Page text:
Twitter users told to be wary of scam messages about verified accounts

19 May 2022, 13:34

Technology stock
Technology stock. Picture: PA

Some verified users on Twitter have reported receiving a direct message claiming to be from the platform, asking for personal information.

Twitter has warned users to be aware of scammers posing as Twitter employees in order to try and get hold of log-in details and other personal information.

It comes after a number of verified users on the platform, including journalists, reported receiving direct messages (DMs) which claimed their verified status had been declared as “spam” and they needed to re-register.

The messages came from accounts claiming to be Twitter Support and asked users to click on a link in the message to fill in a form to re-apply for a “blue badge” of verification on the site.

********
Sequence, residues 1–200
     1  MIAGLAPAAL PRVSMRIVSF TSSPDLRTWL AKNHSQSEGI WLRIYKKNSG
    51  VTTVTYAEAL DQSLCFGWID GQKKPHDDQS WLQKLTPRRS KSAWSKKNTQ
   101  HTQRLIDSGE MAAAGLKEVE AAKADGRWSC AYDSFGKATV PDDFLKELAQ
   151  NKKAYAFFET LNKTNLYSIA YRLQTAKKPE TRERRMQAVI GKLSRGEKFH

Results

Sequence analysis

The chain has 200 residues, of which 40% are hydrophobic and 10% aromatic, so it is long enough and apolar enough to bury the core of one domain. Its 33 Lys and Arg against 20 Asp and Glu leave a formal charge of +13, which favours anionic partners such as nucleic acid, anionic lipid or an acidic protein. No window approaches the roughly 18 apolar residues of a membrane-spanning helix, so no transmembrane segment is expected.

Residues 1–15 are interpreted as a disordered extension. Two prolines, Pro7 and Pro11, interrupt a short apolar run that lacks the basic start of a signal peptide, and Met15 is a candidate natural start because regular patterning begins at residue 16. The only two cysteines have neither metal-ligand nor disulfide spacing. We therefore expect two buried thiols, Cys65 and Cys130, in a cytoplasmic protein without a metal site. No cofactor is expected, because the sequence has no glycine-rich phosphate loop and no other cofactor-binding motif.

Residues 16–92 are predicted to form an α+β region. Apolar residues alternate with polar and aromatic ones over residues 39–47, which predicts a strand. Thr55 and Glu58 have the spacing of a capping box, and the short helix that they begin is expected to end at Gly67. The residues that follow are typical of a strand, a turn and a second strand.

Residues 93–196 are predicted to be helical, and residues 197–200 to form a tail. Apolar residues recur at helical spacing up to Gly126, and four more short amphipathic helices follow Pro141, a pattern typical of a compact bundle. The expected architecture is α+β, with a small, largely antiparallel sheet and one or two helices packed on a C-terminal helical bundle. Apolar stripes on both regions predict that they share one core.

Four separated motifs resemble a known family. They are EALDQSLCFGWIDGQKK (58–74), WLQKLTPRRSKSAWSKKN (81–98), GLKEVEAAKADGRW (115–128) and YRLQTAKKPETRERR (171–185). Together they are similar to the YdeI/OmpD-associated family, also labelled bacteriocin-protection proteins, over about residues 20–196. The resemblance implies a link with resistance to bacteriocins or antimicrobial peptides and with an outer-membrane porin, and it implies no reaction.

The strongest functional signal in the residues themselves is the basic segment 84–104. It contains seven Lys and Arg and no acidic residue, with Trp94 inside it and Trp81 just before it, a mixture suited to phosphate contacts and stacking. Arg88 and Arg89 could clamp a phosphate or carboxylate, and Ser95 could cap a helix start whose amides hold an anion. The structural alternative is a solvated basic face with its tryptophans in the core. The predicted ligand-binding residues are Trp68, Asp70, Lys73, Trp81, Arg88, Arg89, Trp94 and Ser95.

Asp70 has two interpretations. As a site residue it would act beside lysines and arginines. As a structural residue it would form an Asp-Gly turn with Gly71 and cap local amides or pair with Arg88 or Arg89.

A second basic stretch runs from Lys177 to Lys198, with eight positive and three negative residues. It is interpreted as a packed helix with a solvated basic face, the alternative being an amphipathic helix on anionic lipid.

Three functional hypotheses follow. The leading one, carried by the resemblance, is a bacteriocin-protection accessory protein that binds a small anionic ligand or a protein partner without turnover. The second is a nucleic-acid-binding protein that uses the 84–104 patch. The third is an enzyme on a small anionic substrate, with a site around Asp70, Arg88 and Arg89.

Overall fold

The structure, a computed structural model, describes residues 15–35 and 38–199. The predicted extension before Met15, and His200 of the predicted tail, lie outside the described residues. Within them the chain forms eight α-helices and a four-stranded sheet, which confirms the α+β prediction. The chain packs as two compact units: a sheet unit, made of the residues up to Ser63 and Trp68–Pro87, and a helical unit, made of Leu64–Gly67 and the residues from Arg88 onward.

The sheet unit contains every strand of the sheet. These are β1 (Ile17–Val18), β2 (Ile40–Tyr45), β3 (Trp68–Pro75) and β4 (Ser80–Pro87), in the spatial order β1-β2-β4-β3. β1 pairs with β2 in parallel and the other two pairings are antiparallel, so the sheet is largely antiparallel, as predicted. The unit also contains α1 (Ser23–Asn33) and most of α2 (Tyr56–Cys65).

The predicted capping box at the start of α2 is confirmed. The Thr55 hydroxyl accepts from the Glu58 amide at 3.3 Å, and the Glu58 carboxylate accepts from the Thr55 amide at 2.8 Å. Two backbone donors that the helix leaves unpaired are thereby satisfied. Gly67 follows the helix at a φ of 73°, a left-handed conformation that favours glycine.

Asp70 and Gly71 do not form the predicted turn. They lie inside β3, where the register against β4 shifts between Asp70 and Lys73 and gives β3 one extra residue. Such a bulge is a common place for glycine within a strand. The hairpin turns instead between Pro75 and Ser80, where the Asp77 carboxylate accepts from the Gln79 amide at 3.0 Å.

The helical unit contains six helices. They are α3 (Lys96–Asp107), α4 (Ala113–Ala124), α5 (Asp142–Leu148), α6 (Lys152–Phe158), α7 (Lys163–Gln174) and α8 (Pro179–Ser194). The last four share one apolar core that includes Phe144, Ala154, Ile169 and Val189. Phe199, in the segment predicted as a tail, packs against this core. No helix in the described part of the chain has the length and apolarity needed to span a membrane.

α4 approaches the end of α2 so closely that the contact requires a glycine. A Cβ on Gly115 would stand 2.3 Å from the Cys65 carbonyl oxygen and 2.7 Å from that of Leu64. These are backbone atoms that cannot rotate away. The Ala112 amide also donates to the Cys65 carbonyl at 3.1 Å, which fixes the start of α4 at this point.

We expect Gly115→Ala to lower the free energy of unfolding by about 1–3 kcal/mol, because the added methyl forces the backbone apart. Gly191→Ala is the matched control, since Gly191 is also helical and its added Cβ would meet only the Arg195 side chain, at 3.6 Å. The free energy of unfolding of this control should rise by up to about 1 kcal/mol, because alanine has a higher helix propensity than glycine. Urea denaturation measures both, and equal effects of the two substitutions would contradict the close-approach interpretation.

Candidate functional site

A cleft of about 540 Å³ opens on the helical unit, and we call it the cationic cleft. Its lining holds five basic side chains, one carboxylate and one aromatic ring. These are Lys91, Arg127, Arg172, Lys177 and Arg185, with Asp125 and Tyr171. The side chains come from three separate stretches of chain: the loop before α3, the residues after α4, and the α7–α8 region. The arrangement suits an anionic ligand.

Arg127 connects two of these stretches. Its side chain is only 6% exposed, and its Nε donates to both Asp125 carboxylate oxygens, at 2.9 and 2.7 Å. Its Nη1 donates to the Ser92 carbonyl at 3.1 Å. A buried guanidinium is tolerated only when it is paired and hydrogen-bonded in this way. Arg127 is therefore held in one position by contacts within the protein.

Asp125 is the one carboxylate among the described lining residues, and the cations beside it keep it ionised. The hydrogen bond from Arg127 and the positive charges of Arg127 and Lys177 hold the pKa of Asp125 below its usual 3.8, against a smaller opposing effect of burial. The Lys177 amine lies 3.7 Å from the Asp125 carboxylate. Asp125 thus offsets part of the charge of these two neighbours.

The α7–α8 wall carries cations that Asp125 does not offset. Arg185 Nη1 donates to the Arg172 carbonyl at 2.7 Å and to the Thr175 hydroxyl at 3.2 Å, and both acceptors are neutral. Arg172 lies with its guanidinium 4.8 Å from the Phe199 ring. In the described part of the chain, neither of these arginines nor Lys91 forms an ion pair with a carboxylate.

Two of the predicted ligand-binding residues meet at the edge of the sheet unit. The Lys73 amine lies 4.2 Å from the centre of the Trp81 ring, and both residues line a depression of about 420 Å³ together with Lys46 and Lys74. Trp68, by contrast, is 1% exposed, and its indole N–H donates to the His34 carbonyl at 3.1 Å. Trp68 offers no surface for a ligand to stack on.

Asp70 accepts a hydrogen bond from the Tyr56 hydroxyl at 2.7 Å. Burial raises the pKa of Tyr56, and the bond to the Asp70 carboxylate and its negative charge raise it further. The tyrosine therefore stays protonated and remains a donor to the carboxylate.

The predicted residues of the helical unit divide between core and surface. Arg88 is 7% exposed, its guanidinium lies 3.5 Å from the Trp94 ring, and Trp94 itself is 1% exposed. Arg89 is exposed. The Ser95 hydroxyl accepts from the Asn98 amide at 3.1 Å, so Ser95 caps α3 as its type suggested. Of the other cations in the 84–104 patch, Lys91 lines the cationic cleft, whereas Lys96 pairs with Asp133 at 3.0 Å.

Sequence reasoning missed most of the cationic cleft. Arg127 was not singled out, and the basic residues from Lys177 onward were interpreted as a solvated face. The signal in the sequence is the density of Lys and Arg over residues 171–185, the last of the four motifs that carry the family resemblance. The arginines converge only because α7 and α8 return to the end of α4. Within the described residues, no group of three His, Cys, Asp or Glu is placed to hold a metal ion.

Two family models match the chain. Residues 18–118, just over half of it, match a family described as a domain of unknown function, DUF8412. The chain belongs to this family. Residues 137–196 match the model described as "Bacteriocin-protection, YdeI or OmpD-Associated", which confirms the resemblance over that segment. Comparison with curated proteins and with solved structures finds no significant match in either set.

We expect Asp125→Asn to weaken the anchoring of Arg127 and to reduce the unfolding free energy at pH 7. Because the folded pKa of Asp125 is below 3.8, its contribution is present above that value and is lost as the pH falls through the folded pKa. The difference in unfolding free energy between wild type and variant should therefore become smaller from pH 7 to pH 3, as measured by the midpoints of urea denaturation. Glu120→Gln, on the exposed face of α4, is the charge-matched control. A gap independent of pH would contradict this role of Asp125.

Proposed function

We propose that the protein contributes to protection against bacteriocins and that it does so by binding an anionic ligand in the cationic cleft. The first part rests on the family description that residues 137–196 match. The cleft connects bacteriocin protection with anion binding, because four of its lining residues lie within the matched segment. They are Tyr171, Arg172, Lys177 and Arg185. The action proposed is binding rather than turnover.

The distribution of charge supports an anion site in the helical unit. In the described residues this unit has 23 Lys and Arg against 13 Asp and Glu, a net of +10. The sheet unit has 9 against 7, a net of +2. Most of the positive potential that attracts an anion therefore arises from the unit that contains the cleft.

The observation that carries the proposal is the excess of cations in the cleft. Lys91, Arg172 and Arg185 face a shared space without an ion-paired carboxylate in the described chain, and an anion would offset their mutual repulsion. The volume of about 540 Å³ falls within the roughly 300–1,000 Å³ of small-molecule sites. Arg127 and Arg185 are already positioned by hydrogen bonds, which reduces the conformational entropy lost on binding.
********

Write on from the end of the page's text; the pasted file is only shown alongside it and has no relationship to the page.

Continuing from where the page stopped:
“Your blue badge Twitter account has been reviewed as spam by our Twitter team,” the scam message said.

It asked users to “appeal” this decision using an online form by clicking a link in the message, warning that those who did not would see their blue badge “deleted”.

In response, Twitter said it never asks for a user’s password when contacting someone.

“We’ve heard some accounts are posing as Twitter employees, sending DMs and emails,” the company said.

“If we contact you, we’ll never ask for your password and our emails will be sent from @twitter.com or @e.twitter.com only.”

A dedicated page on the company’s online help centre adds: “Some people may receive fake or suspicious emails that look like they were sent by Twitter.

“These emails might include malicious attachments or links to spam or phishing websites. Please know that Twitter will never send emails with attachments or request your Twitter password by email.”

The UK’s National Cyber Security Centre (NCSC) advises people to consider carefully before clicking any link they are sent, unsolicited, by an organisation, and encourages people to look for tell-tale signs including poor spelling or grammar, or a sense of urgency in the messaging to try to encourage a rash decision.

By Press Association

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